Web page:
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Video of the Moment #2150: Trevor Sensor

 
By on Friday, 29th July 2016 at 6:00 pm
 

If you haven’t listened to American singer/songwriter Trevor Sensor before, the rough stridency of his singing voice and the dark cynicism in his songwriting might initially strike you as a bit off-putting. That being said, his songs also have a sharp wit and irreverent humour about them that is somehow perversely appealing. I laughed out loud at the outset of his new video for ‘When Tammy Spoke to Martha’, a deliberately obnoxious lounge-themed tune that sets an unmistakable tone with the slurred opening lyric “I get in trouble every time I go to the bar”. Watch the kitschy, smoke-filled promo below and decide for yourself.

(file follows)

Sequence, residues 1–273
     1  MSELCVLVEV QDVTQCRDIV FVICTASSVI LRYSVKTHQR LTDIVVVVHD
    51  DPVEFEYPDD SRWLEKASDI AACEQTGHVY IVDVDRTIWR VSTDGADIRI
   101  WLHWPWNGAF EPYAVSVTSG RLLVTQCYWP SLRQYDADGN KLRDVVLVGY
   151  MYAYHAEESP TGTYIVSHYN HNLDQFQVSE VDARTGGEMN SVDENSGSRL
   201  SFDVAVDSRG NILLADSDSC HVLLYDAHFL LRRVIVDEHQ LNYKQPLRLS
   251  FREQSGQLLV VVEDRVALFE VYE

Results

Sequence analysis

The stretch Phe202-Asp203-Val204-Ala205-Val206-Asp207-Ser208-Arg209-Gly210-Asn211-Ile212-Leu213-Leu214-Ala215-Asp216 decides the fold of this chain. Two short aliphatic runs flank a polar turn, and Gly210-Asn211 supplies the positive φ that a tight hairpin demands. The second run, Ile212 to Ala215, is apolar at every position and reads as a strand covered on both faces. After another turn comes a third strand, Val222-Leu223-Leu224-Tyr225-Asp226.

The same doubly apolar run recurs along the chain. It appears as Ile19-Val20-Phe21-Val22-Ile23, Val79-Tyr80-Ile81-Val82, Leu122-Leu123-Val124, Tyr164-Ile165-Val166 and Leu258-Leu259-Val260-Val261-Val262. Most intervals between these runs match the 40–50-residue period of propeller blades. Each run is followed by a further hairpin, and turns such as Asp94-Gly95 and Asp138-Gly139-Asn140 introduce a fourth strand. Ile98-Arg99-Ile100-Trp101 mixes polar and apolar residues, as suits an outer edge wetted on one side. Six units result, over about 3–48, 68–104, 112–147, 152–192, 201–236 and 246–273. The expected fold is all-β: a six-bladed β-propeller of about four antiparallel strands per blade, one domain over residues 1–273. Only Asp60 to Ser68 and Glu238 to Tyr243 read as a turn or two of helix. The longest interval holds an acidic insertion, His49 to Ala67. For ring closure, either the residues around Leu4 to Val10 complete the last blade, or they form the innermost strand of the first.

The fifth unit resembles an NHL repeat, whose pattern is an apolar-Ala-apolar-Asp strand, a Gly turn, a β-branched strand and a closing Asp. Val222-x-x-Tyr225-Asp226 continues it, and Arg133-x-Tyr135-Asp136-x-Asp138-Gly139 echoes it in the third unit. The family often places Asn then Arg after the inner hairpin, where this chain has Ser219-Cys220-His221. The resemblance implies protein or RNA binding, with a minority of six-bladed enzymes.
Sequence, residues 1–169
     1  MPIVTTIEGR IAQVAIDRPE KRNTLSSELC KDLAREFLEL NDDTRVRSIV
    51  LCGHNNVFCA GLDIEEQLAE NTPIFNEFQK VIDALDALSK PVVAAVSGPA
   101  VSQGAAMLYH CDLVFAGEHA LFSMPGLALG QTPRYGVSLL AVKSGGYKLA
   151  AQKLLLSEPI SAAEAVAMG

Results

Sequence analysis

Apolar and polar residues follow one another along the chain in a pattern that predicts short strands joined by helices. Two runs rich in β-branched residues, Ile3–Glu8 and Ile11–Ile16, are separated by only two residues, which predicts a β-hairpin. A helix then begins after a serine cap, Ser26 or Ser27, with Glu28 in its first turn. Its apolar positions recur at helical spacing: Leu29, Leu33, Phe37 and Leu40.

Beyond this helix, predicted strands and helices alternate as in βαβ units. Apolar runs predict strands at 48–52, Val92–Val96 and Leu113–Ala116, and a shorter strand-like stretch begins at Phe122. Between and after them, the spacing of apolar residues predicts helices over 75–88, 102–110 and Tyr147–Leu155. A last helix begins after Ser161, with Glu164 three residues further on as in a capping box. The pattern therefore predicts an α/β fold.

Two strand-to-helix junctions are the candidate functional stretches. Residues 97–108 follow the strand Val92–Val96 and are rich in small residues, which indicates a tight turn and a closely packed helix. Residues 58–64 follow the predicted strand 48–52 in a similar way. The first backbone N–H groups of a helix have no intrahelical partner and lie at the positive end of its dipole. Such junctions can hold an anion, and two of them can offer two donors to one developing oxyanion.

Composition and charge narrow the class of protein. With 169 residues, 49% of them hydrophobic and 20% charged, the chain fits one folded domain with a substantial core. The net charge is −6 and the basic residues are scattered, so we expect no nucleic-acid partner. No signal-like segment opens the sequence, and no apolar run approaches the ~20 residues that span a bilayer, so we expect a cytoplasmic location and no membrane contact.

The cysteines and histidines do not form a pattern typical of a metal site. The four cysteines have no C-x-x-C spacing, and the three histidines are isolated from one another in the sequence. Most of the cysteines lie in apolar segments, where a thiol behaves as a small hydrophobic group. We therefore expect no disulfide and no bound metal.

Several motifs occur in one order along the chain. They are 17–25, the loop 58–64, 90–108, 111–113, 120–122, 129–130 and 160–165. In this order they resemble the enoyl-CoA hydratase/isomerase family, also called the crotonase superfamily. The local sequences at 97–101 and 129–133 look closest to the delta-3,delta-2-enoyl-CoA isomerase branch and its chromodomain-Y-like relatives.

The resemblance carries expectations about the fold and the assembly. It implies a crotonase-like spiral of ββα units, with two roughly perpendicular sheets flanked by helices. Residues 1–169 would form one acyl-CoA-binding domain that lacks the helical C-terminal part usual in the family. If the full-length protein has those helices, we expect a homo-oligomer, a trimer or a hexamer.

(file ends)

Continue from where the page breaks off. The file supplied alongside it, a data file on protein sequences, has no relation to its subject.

Sensor’s new EP ‘Starved Nights of Saturday Stars’ is due out next week, on the 5th of August via Jagjagwuar. He is scheduled to visit the UK that very weekend for a stop at Oxfordshire’s Wilderness Festival, followed by an appearance at the Green Man Festival in Wales. Sensor will then hop back across the pond for September and October tour dates in North America with recent TGTF alumnus Foy Vance.

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Single Review: Equador – Bones of Man

 
By on Friday, 29th July 2016 at 12:00 pm
 

It’s been a quite a while since we at TGTF have heard anything from electronic music duo Zero 7. We last spoke to one-half of the pair, Henry Binns, in this September 2014 interview around the release of their EP ‘Simple Science’. Binns and his bandmate Sam Hardaker followed ‘Simple Science’ with another EP, the simply titled ‘E.P. 3’, and though they hinted then about the possibility of a new full album release, none has yet materialised.